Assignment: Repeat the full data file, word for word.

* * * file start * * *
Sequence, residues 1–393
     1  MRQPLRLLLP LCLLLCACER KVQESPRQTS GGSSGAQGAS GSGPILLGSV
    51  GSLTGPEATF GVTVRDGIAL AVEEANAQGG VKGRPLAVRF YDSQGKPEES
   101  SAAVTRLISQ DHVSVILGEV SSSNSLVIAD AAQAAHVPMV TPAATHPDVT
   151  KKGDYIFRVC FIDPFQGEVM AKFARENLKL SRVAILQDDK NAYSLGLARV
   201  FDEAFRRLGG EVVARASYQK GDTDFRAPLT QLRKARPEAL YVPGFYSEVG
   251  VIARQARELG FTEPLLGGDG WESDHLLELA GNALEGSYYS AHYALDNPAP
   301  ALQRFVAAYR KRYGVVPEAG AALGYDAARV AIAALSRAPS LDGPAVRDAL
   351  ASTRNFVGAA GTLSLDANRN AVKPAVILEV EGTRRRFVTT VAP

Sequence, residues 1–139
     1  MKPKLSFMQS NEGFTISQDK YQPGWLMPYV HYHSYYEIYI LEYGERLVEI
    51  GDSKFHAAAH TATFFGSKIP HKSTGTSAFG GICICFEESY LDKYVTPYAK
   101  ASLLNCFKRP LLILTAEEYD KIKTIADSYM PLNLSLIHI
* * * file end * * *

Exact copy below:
Sequence, residues 1–393
     1  MRQPLRLLLP LCLLLCACER KVQESPRQTS GGSSGAQGAS GSGPILLGSV
    51  GSLTGPEATF GVTVRDGIAL AVEEANAQGG VKGRPLAVRF YDSQGKPEES
   101  SAAVTRLISQ DHVSVILGEV SSSNSLVIAD AAQAAHVPMV TPAATHPDVT
   151  KKGDYIFRVC FIDPFQGEVM AKFARENLKL SRVAILQDDK NAYSLGLARV
   201  FDEAFRRLGG EVVARASYQK GDTDFRAPLT QLRKARPEAL YVPGFYSEVG
   251  VIARQARELG FTEPLLGGDG WESDHLLELA GNALEGSYYS AHYALDNPAP
   301  ALQRFVAAYR KRYGVVPEAG AALGYDAARV AIAALSRAPS LDGPAVRDAL
   351  ASTRNFVGAA GTLSLDANRN AVKPAVILEV EGTRRRFVTT VAP

Sequence, residues 1–139
     1  MKPKLSFMQS NEGFTISQDK YQPGWLMPYV HYHSYYEIYI LEYGERLVEI
    51  GDSKFHAAAH TATFFGSKIP HKSTGTSAFG GICICFEESY LDKYVTPYAK
   101  ASLLNCFKRP LLILTAEEYD KIKTIADSYM PLNLSLIHI